It is "all about the genes," Silbergeld said. "Bacteria are much smarter than we are. We should be thinking of them as masters of cloud computing, as they can access the entire genetic knowledge within their species."
When a person is treated for an infection by a strain of pathogenic bacteria, Silbergeld said, the bacterial target of treatment has access to the entire bacterial community in the gut and its genetic resources for resisting antibiotics. This sharing, or "horizontal transfer" of genes, is highly efficient. As a result, she said, bacteria that had never been exposed to antibiotics could become resistant to them.
Even the genes that bestow drug resistance to some sexually transmitted gonorrhea infections can be found in E. coli and other bacteria of the intestinal tract, noted Stuart Levy, a Tufts University microbiology professor who focuses on antibiotic resistance. The first “superbug” strain of a sexually transmitted disease was reported in July, after researchers discovered that none of the currently recommended treatments would kill the bacteria.
"Gonorrhea didn’t invent its own resistance," Levy said. "It picked it up from other bacteria thanks to the misuse of antibiotics."
Yao, the FDA spokeswoman, said the public health issue is further compounded by "the fact that the development of new antimicrobial drugs is not keeping pace with newly emerging drug-resistant pathogens." Newer sources of antibiotics are harder to find and therefore not always cost-effective for the pharmaceutical industry to pursue.
Drugmakers acknowledge this shortfall. "The clinical need for new antibiotics is reaching crisis level, yet the antibiotic pipeline is running dry and fewer and fewer companies are working to develop drugs in this space," Elias Zerhouni, president of global research and development for the France-based pharmaceutical company Sanofi, said in a statement.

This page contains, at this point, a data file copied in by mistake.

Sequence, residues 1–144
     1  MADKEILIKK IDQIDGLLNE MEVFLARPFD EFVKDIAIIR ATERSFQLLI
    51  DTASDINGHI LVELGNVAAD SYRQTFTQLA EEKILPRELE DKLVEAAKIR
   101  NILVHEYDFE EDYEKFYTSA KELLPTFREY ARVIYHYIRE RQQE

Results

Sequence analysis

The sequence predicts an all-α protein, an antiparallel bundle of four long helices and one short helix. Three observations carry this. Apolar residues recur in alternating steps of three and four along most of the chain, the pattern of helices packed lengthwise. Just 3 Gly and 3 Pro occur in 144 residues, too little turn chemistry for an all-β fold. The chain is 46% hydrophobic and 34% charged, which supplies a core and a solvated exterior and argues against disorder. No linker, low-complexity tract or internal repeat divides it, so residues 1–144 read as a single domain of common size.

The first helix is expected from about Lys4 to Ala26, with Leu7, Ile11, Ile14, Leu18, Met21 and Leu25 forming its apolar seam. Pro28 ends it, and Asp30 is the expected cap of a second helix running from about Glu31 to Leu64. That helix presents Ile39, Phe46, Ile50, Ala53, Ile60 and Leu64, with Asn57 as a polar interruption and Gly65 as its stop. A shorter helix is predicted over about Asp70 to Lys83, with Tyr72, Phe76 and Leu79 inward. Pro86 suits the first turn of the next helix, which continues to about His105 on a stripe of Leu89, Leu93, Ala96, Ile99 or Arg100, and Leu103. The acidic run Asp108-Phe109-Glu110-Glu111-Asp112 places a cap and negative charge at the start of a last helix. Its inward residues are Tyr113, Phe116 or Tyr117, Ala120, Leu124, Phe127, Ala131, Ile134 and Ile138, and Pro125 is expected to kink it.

"New approaches will be essential if we are to keep ahead of the resistance problems, and they will require a regulatory and business environment that is both public health and market driven that encourages risk–taking and rewards success," Eric Utt, director of medical and science policy at Pfizer wrote in an email.
This effort may be all the more urgent if the political resistance to continues to stymie reform efforts. Public health experts say they hope the influence of the medical community will help advance regulation.
"It's wonderful that physicians are looking at this," said Silbergeld. "Anything that can get the word out about the nature of this real crisis we're in, including the loss of efficacy of our drugs, is crucial."
"At the end of the day," Ritterman said, "determining our policy by what's healthiest for humans, which is also healthiest for animals and the planet, will move us away from a trajectory of destruction and towards one of restoration and nourishment."
Additional reporting by Robin Wilkey